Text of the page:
Workplace Trend Series, Part 2 of 2
Corporate culture initiatives that improve morale.
The main reasons people work here haven’t changed: it’s a mix of expertise, experience, work environment, and opportunities here that we couldn’t get anywhere else. But we thought we’d share a couple of the things we do that keeps our work environment fun, and our experience with the pro’s and cons:
1. Pets in the Office
The other thing that is new in the “fun work environment” category is office pets – and this has been a resounding success. We have one pet that visits the office almost every day: a 12-month old Jack Russell terrier named Cindy.
One key to office pets is to have one that mind its own business and doesn’t make a mess when we ignore her and concentrate on work. We get the benefits of interacting with an animal (things like lowered blood pressure and reduced stress), and the feeling that we work at an avant-garde institution for allowing it.
If a dog can’t handle the workload…
An unexpected benefit of having an animal in the workplace though, is that we get an extra sensor to tell us when it's time to go home. There comes a certain point in most days where, if we keep on working, our productivity is going to plummet. We often power through that, and pay the consequences with reduced energy and concentration the next day. Now, when people in the office have stayed too late, Cindy starts growling. The longer we stay past our prime, the more she growls to let us know we should be getting home.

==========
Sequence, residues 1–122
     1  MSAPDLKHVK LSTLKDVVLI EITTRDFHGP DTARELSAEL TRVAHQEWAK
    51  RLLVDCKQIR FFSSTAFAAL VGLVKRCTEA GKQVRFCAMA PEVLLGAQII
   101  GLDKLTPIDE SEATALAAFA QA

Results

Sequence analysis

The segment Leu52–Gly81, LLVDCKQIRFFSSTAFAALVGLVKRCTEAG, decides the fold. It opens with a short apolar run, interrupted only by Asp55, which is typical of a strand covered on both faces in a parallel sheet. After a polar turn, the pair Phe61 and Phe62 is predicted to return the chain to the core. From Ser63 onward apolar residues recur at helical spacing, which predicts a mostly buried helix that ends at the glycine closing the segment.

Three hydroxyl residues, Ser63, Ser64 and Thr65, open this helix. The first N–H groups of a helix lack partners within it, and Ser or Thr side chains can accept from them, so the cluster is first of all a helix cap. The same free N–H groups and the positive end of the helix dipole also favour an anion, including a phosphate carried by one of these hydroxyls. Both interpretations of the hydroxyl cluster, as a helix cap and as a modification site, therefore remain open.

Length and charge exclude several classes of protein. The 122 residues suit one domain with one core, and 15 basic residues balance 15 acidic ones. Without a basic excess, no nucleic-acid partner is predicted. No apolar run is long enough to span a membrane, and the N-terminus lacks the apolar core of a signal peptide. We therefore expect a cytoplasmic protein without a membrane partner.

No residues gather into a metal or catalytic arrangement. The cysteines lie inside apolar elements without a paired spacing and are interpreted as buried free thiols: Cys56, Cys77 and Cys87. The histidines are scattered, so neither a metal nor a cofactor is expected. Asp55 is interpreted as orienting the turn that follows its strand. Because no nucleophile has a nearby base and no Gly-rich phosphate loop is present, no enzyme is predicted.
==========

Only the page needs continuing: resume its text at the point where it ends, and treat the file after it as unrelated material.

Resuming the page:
2. Video games in the Office
Our first experiment with video game/exercise break times during the spring was a failure. We installed a Wii Fit in the boardroom, gave a presentation where we showed staff how to use it and what benefits it could give them, and set some usage criteria to measure its success by. The problem was, it just didn’t get used. Staff members talked about it every now and then, “Oh, I should really take a break and get some exercise. . .” – but we never did. In the slew of hectic days and late nights, spending more time at the office for breaks and exercise was just not on the priority list.
The Wii Fit setup languished unused in the boardroom all Spring, but then the Summer came and we made the conference room available for employees' kids during their vacation. Now all of a sudden the room saw constant use, and staff of all ages would take breaks for a trip to the virtual bowling alley or a boxing match. This made the summer feel like a vacation for both kids and staff. Meanwhile, the frequent 20-minute breaks boosted office productivity as well as morale.
Our experience with office gaming brought us to the idea of “seasonality” in corporate culture development: maybe our corporate culture should have yearly, repeated elements based on the seasons that surround and permeate so much of our lives outside of work.
Of the three workplace trends we touched on in the last two articles, we still think that online collaboration tools have the most capacity for improving our productivity. But little corporate culture initiatives that make the workspace more fun can add a special pizazz to your organization.
Editors Note: Animals in the workplace are not appropriate in all offices, or all cultures, due to cultural, health, and religious reasons. Furthermore, legal liability should be thoroughly investigated before moving forward with any initiative that would have video games in the office.